To correct for atmospheric turbulence, the team developed a very powerful adaptive optics system that floats a thin (1.6 mm –1/16 of inch thick) curved glass mirror (85 cm across) on a magnetic field 9.2m above the big primary mirror of the telescope. This, so-called Adaptive Secondary Mirror (ASM) can change its shape at 585 points on its surface 1000 times a second. In this manner the “blurring” effects of the atmosphere can be removed, and thanks to the high density of actuators on this mirror, astronomers can see the visible sky more clearly than ever before.

“The Magellan community is delighted to have this powerful new capability, a final addition to our current instrument suite,” said Wendy Freedman, director of the Carnegie Observatories. “It also represents a significant technical milestone for the Giant Magellan Telescope.”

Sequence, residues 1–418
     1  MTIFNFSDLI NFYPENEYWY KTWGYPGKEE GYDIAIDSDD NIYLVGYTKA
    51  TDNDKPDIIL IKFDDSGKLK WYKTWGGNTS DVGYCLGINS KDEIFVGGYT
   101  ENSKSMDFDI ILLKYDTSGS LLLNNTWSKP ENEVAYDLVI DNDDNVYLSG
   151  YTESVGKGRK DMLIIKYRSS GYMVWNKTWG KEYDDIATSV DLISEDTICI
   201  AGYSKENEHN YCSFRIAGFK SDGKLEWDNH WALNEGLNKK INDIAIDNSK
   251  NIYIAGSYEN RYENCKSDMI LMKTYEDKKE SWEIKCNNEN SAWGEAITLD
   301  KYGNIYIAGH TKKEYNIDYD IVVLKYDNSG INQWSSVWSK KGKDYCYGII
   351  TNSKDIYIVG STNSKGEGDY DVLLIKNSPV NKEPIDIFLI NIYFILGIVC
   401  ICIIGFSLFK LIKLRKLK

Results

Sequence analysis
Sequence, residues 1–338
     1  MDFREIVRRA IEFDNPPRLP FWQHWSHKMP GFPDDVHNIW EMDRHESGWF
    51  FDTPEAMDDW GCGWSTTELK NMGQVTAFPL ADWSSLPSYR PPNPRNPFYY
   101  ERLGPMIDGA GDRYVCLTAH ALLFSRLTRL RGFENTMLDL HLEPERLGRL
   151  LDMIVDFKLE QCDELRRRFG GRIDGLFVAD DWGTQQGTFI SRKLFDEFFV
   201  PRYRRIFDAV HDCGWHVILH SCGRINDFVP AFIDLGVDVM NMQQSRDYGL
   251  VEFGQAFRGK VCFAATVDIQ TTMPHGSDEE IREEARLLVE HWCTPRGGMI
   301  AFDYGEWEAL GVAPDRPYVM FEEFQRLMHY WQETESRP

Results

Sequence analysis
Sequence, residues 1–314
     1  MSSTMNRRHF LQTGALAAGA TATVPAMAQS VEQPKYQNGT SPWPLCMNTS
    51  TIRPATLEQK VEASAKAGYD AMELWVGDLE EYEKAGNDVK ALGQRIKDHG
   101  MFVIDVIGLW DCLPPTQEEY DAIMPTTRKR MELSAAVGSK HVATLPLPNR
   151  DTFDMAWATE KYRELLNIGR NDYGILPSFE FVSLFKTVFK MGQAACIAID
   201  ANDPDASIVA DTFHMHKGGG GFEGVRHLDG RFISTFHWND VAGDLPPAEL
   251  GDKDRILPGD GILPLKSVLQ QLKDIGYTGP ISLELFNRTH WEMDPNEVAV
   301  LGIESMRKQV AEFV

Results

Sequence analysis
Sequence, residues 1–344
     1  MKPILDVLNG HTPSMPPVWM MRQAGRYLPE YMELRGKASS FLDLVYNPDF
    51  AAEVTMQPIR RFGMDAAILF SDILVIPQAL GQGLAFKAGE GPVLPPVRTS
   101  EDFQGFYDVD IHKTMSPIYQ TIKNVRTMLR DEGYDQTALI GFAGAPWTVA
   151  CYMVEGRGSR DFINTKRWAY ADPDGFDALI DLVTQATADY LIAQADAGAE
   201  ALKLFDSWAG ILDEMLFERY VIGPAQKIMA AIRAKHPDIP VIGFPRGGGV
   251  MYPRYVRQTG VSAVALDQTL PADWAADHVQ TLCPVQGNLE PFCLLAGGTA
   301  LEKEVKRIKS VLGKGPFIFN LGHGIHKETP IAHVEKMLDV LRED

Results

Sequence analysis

The new adaptive optics system, called MagAO, has already made some important scientific discoveries. As the system was being tested, the team tried to resolve the famous star that gives the Great Orion Nebulae most of its UV light. This 1 million-year-old star is called Theta 1 Ori C and it is about 44 times the mass of the Sun. It was already known to be a binary star (two stars rotating around each other); however, the separation between them is so small that this famous pair has never been resolved into two stars in a direct telescope photo. Once MagAO and VisAO (its visible-light camera) were pointed towards Theta Ori 1 C, the results were exciting and immediate.